- After surgery, you may need to wear a brace for a while to keep the spine still.
Scoliosis treatment may also include:
- Emotional support: Some children, especially teens, may be self-conscious when using a back brace.
- Physical therapy and other specialists to help explain the treatments and make sure the brace fits correctly.
Seek support and more information from organizations that specialize in scoliosis.
How well a person with scoliosis does depends on the type, cause, and severity of the curve. The more severe the curving, the more likely it will get worse after the child stops growing.
People with mild scoliosis do well with braces. They usually do not have long-term problems. Back pain may be more likely when the person gets older.
Outlook for those with neuromuscular or congenital scoliosis varies. They may have another serious disorder, such as cerebral palsy or muscular dystrophy, so their goals are much different. Often, the goal of surgery is simply to allow a child to be able to sit upright in a wheelchair.
Congenital scoliosis is difficult to treat and usually requires many surgeries.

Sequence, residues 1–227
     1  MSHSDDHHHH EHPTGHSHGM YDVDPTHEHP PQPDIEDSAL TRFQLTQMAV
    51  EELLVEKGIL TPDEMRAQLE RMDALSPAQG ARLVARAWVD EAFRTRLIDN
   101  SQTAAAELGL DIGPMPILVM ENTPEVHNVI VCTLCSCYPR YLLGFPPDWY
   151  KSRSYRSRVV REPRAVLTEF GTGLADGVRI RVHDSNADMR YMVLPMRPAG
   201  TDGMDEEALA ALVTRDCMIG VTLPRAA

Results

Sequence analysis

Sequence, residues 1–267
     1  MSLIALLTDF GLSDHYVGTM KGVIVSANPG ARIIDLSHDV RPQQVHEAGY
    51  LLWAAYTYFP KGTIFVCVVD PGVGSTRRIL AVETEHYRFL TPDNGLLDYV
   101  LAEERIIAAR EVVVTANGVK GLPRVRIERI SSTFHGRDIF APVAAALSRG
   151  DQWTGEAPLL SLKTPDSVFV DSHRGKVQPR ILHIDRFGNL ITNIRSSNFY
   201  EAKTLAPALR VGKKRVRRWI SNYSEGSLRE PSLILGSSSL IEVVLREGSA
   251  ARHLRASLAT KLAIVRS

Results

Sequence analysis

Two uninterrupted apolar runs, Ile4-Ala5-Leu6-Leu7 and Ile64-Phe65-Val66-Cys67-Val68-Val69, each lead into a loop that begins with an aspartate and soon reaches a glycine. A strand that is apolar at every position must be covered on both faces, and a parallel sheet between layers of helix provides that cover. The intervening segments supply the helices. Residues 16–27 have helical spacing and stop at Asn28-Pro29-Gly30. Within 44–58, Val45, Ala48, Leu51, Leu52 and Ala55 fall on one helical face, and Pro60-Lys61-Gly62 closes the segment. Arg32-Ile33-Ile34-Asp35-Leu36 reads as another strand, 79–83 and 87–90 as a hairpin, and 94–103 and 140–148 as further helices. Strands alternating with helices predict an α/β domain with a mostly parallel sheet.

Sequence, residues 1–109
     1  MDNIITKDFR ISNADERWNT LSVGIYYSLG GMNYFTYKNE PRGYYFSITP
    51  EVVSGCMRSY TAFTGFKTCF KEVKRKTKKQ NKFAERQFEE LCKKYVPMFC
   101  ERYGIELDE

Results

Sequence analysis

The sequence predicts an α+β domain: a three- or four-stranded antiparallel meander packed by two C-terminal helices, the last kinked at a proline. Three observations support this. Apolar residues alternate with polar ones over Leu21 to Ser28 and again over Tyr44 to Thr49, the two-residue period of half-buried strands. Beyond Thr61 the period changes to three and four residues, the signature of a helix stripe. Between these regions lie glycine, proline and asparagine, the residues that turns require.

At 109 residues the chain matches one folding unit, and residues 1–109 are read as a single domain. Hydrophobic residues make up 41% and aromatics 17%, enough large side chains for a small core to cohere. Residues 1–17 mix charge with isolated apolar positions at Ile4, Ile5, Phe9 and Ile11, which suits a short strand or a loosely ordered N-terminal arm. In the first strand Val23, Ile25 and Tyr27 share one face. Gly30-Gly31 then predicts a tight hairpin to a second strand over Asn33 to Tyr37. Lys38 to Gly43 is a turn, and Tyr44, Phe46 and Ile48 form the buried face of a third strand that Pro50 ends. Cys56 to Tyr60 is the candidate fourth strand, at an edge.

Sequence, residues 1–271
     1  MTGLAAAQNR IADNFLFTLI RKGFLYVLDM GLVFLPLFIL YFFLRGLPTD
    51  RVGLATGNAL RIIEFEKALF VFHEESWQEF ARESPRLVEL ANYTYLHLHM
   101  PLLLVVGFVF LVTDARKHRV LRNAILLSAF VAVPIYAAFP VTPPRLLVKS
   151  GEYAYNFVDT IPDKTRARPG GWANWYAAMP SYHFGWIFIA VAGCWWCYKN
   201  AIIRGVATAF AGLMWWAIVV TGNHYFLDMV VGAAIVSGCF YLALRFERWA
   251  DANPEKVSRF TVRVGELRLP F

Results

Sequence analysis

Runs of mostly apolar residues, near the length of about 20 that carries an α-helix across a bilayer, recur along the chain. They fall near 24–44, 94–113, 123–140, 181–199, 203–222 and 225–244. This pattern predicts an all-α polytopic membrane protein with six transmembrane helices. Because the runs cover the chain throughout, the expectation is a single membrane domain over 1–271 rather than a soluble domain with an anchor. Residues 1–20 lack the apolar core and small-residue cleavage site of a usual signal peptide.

Complications of scoliosis can include:
- Breathing problems (in severe scoliosis)
- Low back pain
- Lower self-esteem
- Persistent pain if there is wear and tear of the spine bones
- Spinal infection after surgery
- Spine or nerve damage from an uncorrected curve or spinal surgery
- Leakage of spinal fluid
When to Contact a Medical Professional
Call your provider if you suspect your child may have scoliosis.
Routine scoliosis screening is now done in middle schools. Such screening has helped detect early scoliosis in many children. Back and abdominal muscle strengthening can help stabilize the curvature.
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Negrini S, Di Felice F, Donzelli S, Zaina F. Scoliosis and kyphosis. In: Frontera WR, Silver JK, Rizzo TD Jr, eds. Essentials of Physical Medicine and Rehabilitation: Musculoskeletal Disorders, Pain, and Rehabilitation. 4th ed. Philadelphia, PA: Elsevier; 2019:chap 153.
Sure DR, LaBagnara M, Smith JS, Shaffrey CI. Pediatric spinal deformities and deformity correction. In: Steinmetz MP, Benzel EC, eds. Benzel's Spine Surgery. 4th ed. Philadelphia, PA: Elsevier; 2017:chap 158.
Last reviewed on: 7/7/2019
Reviewed by: C. Benjamin Ma, MD, Professor, Chief, Sports Medicine and Shoulder Service, UCSF Department of Orthopaedic Surgery, San Francisco, CA. Also reviewed by David Zieve, MD, MHA, Medical Director, Brenda Conaway, Editorial Director, and the A.D.A.M. Editorial team.